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God’s Plan of Control

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Part 9 of 10: What Is Man?

By Derek Prince

You're listening to a Derek Prince Legacy Radio podcast.


God’s plan is to rule from above through man’s spirit. That means the soul is in subjection and the body obeys what is passed down. As we get in line with this program, we will begin to see the kingdom of God on earth as it is in heaven, and rejoice in it.

What Is Man?


All through these studies we’ve been looking together into the mirror of God’s word to discover the real inner nature of man. Briefly, I could summarize what we’ve seen as follows: Man is a triune being, created in the likeness of a triune God. God is revealed as Father, Son, and Spirit—three persons, one God. Man is revealed as spirit, soul and body—three elements but one personality.

Second, man’s rebellion against God caused dislocation and malfunction of every area of his personality.

The third, through the miracle of regeneration, God has made provision for man’s restoration in every area of his being. God has a plan for each area of restored human personality, for the spirit, for the soul, and for the body.

We saw that the three main functions of the regenerated spirit are all directly related to God. They are worship, fellowship, and revelation. The three functions of the soul are all self-centered. They are will, intellect, and emotions. The function of the body is to be the temple of God, the dwelling place of God, the Holy Spirit. And, when the Holy Spirit takes residence in the temple, then we’re obligated to present our members to God, the Holy Spirit, to yield them as slaves or instruments of God’s purposes. And as the body is yielded to the Holy Spirit, it becomes sanctified, or holy, or set apart to God.

Today I’m going to speak about God’s program to control regenerated man—how the three elements of regenerated man should relate to each other. This is a very, very important question because we may be regenerated, but if we don’t understand how to function after regeneration, we may miss much of God’s purpose for us, and also many of the blessings that God has for us.

So, let me begin by saying this. In God’s plan, human personality is not a democracy. We’ve often heard the word “democracy” that we tend to think that everything should function on that basis. God does not function on the basis of a democracy and it’s not His purpose that regenerated human personality should function on that basis. God rules man, very definitely, from above through His highest element—His Spirit, the regenerated spirit relates direct to God. The regenerated spirit is joined to the Lord, and through that spirit, through that link with God, God rules and directs man and therefore man can only be successful in his regenerated life insofar as his spirit is in contact with, and yielded to God, and the remainder of his personality is yielded to the direction of God, received through the Spirit. Let me say that very emphatically. God rules man from above, through the spirit. In turn, man’s soul should be subject to his spirit. And man’s body should be subject to his soul. So, the spirit rules the soul; the soul rules the body. That’s God’s purpose. Only insofar as it’s worked out, do we have success.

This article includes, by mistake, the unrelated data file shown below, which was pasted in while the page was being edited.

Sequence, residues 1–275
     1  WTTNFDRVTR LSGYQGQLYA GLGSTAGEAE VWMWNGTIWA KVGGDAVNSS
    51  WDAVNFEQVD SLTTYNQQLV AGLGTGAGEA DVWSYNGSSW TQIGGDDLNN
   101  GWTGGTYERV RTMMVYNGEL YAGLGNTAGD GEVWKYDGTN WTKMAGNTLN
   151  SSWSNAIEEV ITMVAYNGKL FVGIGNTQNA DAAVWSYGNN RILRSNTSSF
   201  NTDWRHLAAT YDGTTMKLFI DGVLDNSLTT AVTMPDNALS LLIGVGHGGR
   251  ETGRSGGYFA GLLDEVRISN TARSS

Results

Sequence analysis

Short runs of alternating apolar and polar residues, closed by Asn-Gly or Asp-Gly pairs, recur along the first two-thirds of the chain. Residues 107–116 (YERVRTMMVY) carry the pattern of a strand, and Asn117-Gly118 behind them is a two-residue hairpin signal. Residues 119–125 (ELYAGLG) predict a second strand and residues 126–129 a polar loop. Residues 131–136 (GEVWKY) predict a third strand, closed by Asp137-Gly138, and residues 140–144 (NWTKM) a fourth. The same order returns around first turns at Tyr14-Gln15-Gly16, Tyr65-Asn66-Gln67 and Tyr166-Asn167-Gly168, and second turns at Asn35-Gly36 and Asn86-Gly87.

Let me give you an example of David, through his spirit, exhorting his soul. Psalm 42, verse 11:

“Why are you in despair, O my soul? [You’ll notice David is speaking to his soul, so it’s not his soul speaking; it’s his spirit speaking to his soul. The God-related part of him is speaking to the self-centered part of him.] Why are you in despair, O my soul? Why have you become disturbed within me? Hope in God, for I shall yet praise Him, The help of my countenance, and my God.” (NASB)

You see there, the soul is so moody. It’s so changeable because it’s related to itself and to the outside world. But the Spirit that’s related to God is not moody; it’s not changeable. So David is in a mood; he’s in a mood of despair but his spirit says to the soul, “Come on now, shake yourself; it’s time to praise the Lord.” “Don’t give way to those moods.”

In Psalm 103, verses 1 through 5, we find the same concept. David is speaking. He says:

“Bless the Lord, O my soul; [so it’s not his soul speaking, but his spirit] and all that is within me, bless His holy name. [You see, the spirit is always related to God. It always sees God as worthy to be praised.] Bless the Lord, O my soul, and forget none of His benefits; Who pardons all your iniquities; Who heals all your diseases; Who redeems your life from the pit; Who crowns you with lovingkindness and compassion; Who satisfies your years with good things, so that your youth is renewed like the eagle.” (NASB)

Notice, the benefits of God, through the soul, reach also to the body. Jesus speaks about the healing of our diseases and the prolonging of our youth. So, that’s the way that regenerated man is intended to function. The Spirit relates to God. The spirit gives direction to the soul, and through the soul, that Divine direction, and that Divine life, and those Divine blessings flow out even into the body.